Myth: Gen Z is asking for too much

Many leaders think Gen Z are entitled not just in their earning power, but what they expect out of work in general. If there’s one myth Ahmed would like to see wiped from the discourse, it’s that Gen Z workers’ expectations of where, when, and how work gets done are asking too much of what a professional environment can provide.

Every young generation has come into the world and workforce and asked hard questions to reimagine what the world can look like.
Ziad Ahmed

Research suggests Gen Z is especially enthusiastic about flexible working styles and the chance to make a difference. They expect benefits that support their entire being, like time off and mental health resources. They’re also vocal about wanting transparency at work, whether it’s a company’s stance on socio-political issues, how it creates an inclusive work culture, or around salary and compensation.

“It’s fair to say that what Gen Z is asking for is challenging, but it’s a disservice to all of us to believe what Gen Z is asking for is the incorrect thing to ask for,” Ahmed says.

“Every young generation has come into the world and workforce and asked hard questions to reimagine what the world can look like,” Ahmed says. Today, that means reimagining how work gets done, how people value their careers, and what they’re not willing to give up for it.

Ultimately, corporate resistance to change is “a cop-out,” Ahmed says. “It’s a bad business practice to say that if something is hard, it’s not worthwhile.”

It’s long been true that early-career professionals are more likely than seasoned workers to change jobs quickly. A lot of that comes down to life stage and responsibilities.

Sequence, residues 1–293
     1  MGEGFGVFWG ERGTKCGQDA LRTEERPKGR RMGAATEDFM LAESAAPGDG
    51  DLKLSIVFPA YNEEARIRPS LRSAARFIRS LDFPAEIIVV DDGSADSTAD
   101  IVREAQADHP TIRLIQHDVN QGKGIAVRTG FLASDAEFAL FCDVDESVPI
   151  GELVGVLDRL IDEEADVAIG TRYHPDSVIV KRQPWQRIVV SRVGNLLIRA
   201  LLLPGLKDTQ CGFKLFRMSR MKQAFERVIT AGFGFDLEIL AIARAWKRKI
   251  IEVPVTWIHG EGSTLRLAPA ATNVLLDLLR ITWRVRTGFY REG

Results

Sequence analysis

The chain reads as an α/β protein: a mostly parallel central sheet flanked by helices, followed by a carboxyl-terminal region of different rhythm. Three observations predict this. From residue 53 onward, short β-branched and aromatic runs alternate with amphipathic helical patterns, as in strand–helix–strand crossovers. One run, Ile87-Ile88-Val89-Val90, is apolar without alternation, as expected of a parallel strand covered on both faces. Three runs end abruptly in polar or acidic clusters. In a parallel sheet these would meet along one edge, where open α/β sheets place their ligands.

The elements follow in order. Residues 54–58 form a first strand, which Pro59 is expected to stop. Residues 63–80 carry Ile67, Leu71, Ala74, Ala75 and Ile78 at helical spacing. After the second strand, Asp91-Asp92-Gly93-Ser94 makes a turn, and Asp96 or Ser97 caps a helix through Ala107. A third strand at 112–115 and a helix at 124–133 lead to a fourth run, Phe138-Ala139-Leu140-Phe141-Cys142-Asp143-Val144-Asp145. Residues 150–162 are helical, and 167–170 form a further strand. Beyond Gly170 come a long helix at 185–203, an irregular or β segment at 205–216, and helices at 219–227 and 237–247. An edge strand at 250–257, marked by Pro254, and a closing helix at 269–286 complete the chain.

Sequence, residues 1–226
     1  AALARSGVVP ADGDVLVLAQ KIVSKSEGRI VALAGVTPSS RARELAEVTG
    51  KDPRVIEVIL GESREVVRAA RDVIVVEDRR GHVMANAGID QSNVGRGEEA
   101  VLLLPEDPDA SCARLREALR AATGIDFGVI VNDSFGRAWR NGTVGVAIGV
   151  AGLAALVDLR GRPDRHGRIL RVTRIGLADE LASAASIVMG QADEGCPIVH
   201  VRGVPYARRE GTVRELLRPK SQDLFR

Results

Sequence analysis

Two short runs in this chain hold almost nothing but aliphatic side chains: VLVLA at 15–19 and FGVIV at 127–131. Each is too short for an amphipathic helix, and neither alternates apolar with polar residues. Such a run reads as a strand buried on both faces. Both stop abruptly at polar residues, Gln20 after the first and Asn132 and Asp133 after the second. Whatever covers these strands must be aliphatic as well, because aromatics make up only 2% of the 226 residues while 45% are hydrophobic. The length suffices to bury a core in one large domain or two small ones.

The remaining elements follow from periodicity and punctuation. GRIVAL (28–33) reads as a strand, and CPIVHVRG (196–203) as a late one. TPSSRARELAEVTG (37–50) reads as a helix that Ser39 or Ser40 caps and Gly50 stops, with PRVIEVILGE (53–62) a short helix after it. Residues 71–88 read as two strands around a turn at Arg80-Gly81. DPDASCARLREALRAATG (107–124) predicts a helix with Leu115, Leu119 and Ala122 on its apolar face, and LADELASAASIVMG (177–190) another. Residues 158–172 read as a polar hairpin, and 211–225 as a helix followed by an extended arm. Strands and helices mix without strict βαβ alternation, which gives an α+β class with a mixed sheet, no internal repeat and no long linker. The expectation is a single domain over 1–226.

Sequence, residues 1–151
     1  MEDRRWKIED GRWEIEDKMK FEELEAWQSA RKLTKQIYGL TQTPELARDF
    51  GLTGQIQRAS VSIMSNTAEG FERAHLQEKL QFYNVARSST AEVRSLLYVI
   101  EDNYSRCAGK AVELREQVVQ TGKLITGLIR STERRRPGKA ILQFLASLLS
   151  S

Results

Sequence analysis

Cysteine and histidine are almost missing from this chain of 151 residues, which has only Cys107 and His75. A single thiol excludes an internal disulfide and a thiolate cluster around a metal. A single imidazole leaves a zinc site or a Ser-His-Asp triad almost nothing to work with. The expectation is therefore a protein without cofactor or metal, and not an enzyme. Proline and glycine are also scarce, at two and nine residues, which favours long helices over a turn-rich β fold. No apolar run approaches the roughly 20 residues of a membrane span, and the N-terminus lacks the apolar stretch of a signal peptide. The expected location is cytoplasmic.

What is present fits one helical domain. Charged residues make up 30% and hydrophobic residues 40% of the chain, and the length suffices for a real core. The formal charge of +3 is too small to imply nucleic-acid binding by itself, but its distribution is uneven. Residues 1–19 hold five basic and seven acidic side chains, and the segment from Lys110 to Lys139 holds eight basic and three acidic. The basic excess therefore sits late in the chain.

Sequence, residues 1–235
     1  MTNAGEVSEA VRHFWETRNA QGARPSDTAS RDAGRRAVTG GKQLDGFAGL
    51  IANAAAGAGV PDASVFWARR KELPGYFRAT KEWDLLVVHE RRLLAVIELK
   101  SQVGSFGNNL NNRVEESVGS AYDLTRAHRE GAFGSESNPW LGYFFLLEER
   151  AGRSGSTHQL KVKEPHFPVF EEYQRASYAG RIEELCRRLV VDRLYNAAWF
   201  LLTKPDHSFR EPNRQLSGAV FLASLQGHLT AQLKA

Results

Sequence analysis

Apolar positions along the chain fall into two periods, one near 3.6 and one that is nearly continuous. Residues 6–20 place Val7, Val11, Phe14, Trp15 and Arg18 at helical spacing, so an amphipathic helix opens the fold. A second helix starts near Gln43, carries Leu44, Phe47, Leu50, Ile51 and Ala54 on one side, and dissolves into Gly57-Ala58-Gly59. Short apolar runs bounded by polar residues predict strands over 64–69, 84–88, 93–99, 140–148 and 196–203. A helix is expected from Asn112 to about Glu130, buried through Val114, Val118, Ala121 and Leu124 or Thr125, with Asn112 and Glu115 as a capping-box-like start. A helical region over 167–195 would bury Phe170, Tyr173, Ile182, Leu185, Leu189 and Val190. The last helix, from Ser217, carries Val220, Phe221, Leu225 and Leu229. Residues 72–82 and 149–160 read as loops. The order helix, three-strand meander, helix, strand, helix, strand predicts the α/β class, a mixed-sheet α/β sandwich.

Antonio notes there are some factors specific to Gen Z that could make it easier to quit — but they’re not about company loyalty.

With the help of gig-work platforms and social media, there have never been so many visible options of how to make money outside of a 9-to-5 job. “We’re a generation of gig workers; we’re willing to walk away” from a poor work experience, Antonio says.

That doesn’t mean engaging young workers isn’t worthwhile, Antonio says. Given Gen Z is expected to make up 30% of the workforce by 2030, she says, “you don’t want to look at your organization in a few years and think, ‘Where are our employees?’”

As a young founder, former CEO, and now-manager at United Talent Agency, Ahmed contends that managing his peers is difficult. But it’s not unlike managing people of any age, he says.

Gen Z is an easy target for being labeled as challenging because they’re “probably a more outspoken and demanding bunch, and that can be laborious,” Ahmed says.

Plus, the pandemic ushered in an era where managers are expected to manage their employees’ well-being in addition to traditional work- and career-related tasks.

“Managing people today requires a lot of emotional labor, and a lot of managers are unprepared to perform that emotional labor,” Ahmed says. “But there’s this idea Gen Z is the first generation to have these concerns that require emotional labor, and I don’t think that’s true. But I think in previous generations, people have been quicker to dismiss it.”

Workers of all ages have always had concerns that required hard conversations, he says, but weren’t necessarily given the space to do that.

“Now we’re having them out in the open,” he says, which can help workers thrive.

Myth: Gen Z doesn’t strive to be leaders

The oldest of Gen Z turns 27 this year, but workers in that age range say they’re often still thought of as entry-level professionals who aren’t up to speed on how to behave at work, let alone lead ambitious projects.

Ahmed says many Gen Z workers are disillusioned by the traditional career ladder, where young workers pay their dues and may wait decades for leadership opportunities at work. They’ve seen millennials before them put in the work, only to be burned out by their own ambitions.

“Historically, you’ve been told that you learn for 20 years, you lead and work for someone else for another 50, and then, if you’re lucky, you live for another 10 years at the end,” he says. “And Gen Z and others are looking around and saying, ‘That’s not a good deal.’”

Instead, Ahmed says, “We want to live, lead, and learn simultaneously.”

Post a Comment

Previous Post Next Post